Of all the movies that seem to have received an undeserved short shrift recently, this one really stands out. The reviews have been overwhelmingly positive as critics praise all the performances and other reactions have been upbeat as well. So where is the more full-throated marketing support? It’s surprising to not even see more being done on the promotional front, something A24 is well known for. Instead the studio still seems to be paying most of its attention to The Lighthouse.

While Brown in particular was out there doing a number of interviews and appearances, too often this movie was given secondary billing to Frozen 2, in which he also stars. The proximity of those two releases may be working against him being even more involved here, contributing to a campaign that is heavy emotionally even if there isn’t a lot of heft to it.

Picking Up the Spare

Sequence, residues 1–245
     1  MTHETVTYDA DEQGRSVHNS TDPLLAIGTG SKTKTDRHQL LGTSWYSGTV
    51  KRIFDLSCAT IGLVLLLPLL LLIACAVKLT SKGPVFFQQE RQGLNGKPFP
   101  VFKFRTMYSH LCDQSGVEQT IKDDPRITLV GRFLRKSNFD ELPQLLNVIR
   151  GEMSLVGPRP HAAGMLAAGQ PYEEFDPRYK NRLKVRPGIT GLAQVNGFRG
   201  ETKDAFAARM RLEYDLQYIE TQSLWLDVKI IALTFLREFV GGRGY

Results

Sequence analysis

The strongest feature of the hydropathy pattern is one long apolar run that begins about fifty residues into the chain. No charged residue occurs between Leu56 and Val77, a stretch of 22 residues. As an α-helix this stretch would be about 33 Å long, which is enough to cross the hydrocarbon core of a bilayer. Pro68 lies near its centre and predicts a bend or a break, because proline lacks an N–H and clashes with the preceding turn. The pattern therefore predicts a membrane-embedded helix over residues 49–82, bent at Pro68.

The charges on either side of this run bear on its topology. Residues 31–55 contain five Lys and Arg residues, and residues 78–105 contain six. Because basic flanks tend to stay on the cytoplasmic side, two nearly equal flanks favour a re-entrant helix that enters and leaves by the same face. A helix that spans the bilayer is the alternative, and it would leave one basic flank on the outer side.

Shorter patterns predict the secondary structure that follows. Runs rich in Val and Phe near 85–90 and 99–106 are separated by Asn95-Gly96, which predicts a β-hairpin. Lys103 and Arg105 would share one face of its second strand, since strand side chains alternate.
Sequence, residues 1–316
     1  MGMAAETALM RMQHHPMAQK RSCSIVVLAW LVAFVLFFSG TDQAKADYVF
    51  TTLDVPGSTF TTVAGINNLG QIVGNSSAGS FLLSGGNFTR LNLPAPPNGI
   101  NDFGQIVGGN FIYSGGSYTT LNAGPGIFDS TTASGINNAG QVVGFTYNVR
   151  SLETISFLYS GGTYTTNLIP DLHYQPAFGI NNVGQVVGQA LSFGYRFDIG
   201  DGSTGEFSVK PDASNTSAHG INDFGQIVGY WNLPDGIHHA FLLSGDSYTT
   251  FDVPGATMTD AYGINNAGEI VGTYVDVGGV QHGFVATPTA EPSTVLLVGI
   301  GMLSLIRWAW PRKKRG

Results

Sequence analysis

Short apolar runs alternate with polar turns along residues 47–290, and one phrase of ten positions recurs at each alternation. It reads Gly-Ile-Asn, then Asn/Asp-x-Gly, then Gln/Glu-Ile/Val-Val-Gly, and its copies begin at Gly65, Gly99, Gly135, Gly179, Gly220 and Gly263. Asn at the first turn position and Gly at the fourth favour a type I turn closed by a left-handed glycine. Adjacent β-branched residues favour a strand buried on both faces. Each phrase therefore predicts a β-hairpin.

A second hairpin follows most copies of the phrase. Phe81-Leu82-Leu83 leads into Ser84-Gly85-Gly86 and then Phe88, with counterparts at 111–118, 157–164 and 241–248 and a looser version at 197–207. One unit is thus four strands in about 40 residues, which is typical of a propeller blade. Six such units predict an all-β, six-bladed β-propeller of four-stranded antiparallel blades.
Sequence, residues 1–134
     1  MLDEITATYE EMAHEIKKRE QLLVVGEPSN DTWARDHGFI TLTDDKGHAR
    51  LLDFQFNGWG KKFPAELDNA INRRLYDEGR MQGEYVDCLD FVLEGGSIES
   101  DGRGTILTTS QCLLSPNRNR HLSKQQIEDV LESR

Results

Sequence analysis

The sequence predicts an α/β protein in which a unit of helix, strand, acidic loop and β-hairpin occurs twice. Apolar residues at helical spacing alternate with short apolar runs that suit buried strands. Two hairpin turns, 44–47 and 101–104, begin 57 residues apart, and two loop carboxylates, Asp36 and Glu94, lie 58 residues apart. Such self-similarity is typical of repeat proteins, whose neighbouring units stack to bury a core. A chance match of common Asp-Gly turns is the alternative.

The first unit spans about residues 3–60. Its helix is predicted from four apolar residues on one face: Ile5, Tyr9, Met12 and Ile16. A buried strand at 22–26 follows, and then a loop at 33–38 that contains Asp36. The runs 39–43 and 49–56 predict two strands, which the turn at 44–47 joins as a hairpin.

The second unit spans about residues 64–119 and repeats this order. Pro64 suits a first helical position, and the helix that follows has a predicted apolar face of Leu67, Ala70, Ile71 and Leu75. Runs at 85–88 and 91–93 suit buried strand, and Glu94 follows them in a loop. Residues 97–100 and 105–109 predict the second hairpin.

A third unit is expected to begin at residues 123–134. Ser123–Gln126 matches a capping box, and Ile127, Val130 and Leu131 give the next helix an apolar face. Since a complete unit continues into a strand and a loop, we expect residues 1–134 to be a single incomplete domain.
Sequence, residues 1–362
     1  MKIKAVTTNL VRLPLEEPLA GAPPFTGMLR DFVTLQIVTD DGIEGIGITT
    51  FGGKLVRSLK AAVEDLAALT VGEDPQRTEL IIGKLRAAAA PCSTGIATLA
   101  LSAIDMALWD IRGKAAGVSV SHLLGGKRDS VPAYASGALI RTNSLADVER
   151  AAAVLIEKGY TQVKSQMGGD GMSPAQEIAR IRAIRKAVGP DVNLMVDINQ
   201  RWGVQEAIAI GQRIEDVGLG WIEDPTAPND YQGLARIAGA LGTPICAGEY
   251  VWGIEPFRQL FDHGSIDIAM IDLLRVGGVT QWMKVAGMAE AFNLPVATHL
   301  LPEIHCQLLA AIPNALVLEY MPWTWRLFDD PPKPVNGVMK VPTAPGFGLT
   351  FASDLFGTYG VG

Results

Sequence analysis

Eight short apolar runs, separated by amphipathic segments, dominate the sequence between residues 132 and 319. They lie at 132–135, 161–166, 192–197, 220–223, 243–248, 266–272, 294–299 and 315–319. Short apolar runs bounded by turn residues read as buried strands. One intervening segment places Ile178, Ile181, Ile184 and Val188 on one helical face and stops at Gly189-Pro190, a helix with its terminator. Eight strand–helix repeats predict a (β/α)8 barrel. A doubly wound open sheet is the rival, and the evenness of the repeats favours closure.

A new joint interview with Harrison Jr. and Russell, who play one of the story’s key pairings. And Shults was giving another feature profile here while Brown got another profile as well. Brown made an appearance on “Late Night.”

There were a handful of additional profiles of Brown that allowed him to discuss his role and how it reflects the state of black masculinity.

How the filmmakers secured the rights to songs by Kanye West and others was the subject of this feature.

Cinematographer Drew Daniels discussed his work creating the visual style of the film here. There was also another interview with Harrison Jr. about his experience.

Hotel Artemis – Marketing Recap